Term life insurance is the cheapest, simplest type of life insurance. Term life insurance is temporary, meaning that a policy of term life insurance provides coverage for only a certain number of years. (You can choose 10, 15, 20, 25, 30, 35, or 40 years, depending on the life insurance company.) Any life insurance policy that is not a term policy is permanent life insurance.
How Term Life Insurance Works
Term life insurance includes the attributes common to all life insurance policies. A standard term life insurance policy guarantees fixed premiums. That means that the size of payments made to the life insurance company does not change over time. The policy owner makes payments, all of equal amount, at equal intervals of time (monthly, quarterly, semi-annually, or yearly, depending on the company and policy). The policy owner is free to discontinue payments at any time; if he/she does so, however, the policy will terminate (i.e. the life insurance company is no longer obliged to pay a death benefit).
A standard term life insurance policy guarantees a fixed death benefit. That means that the death benefit will be of a certain amount regardless of how long the policy has been in force. The insurance company will pay the same amount if the insured dies during the first day of coverage as if he/she dies during the 29th year of coverage.
Term life insurance policies provide temporary coverage. For example, a 20-year policy is intended to provide coverage for 20 years and no longer. However, there are exceptions to this temporary character.
At the End of the Term…You might imagine that your life insurance is simply gone at the end of your term of coverage: if the insured is still alive, your beneficiary gets nothing. That’s not a bad thing; after all, a healthy, living person is preferable to a cash payment. However, there are usually alternatives to letting your coverage simply cease.
Most term life insurance policies simply don’t terminate after the “term of coverage.” You can keep paying premiums and keep enjoying coverage. However, after the specified term of coverage, the rates you pay are no longer fixed at the level they were. Your contract will probably stipulate new rates much, much higher than you were originally paying. This alternative may be worth the higher rates, however, if your insured is ill and not far from death. Continuing your “temporary” life insurance is typically allowed only until the insured attains a certain, advanced age (often 90 years old).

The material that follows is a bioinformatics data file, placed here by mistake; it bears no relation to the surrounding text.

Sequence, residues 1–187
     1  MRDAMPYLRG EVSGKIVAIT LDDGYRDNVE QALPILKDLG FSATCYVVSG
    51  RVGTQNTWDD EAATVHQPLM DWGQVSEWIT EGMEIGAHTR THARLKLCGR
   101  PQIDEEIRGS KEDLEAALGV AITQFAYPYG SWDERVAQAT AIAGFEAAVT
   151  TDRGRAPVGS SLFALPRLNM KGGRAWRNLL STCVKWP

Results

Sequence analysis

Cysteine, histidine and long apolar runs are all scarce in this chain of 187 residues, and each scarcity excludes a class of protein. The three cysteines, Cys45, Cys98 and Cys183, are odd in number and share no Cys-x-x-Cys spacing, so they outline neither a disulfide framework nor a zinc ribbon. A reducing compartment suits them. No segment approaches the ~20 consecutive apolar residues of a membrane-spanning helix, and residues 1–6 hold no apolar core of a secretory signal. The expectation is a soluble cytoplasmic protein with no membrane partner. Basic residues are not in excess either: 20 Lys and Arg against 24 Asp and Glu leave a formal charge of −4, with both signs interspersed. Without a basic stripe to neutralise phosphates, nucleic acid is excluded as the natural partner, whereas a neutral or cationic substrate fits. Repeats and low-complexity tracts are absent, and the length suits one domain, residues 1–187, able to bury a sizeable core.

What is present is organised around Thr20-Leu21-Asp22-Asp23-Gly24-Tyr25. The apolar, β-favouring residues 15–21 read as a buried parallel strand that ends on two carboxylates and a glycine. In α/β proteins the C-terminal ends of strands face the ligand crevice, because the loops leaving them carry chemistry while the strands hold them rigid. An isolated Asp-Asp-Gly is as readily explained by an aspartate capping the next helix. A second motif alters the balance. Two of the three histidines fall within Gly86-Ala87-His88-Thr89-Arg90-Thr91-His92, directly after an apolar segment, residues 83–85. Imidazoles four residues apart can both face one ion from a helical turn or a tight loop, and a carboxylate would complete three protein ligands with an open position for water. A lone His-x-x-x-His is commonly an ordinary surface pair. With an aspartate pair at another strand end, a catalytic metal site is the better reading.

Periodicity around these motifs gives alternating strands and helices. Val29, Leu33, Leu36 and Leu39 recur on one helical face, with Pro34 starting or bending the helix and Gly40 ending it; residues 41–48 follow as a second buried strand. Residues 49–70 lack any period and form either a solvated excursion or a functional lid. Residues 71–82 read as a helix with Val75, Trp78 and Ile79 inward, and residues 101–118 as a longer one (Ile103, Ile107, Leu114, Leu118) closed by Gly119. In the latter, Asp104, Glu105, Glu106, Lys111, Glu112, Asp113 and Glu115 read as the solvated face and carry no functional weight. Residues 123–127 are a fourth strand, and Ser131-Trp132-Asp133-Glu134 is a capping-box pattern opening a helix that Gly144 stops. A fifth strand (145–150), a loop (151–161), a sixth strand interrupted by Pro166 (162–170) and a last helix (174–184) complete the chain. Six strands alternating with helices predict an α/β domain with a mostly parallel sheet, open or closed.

Another option is conversion. Conversion means that your life insurance company will replace an existing term life insurance policy with a permanent life insurance policy of the same face amount (death benefit). Life insurance companies tend to offer at least one, but it may not be a desirable one. For instance, your only option may be to convert to a permanent policy whose rates are guaranteed for only a decade. Moreover, you may not be able to exercise the conversion option at just any time. For instance, conversion may only be allowed during the first five years of your term life coverage.
A final option is renewal, but this option is comparatively rarer than the preceding options. Renewable life insurance can be replaced with a life insurance policy of the same type, face amount, and health class. Renewing life insurance spares you the hazard of being assigned to a more expensive health class. However, life insurance rates trend downward so long as life expectancy trends upward, so unless the health of your insured has deteriorated, you may find better life insurance rates by starting the application process anew.
Who Should Get Term Life Insurance? Term life insurance is not just for bread winners. It is commonly purchased for the following reasons:
- Pay for child care
- Fund higher education
- Cover debts or liabilities (e.g. mortgage, funeral costs)
- Fund a buy-sell agreement for a business
- Protect against the loss of a key employee
- Replace an income stream
If you have children at home, carry debts, or own a business, term life insurance may be a good (and inexpensive) asset to maintain.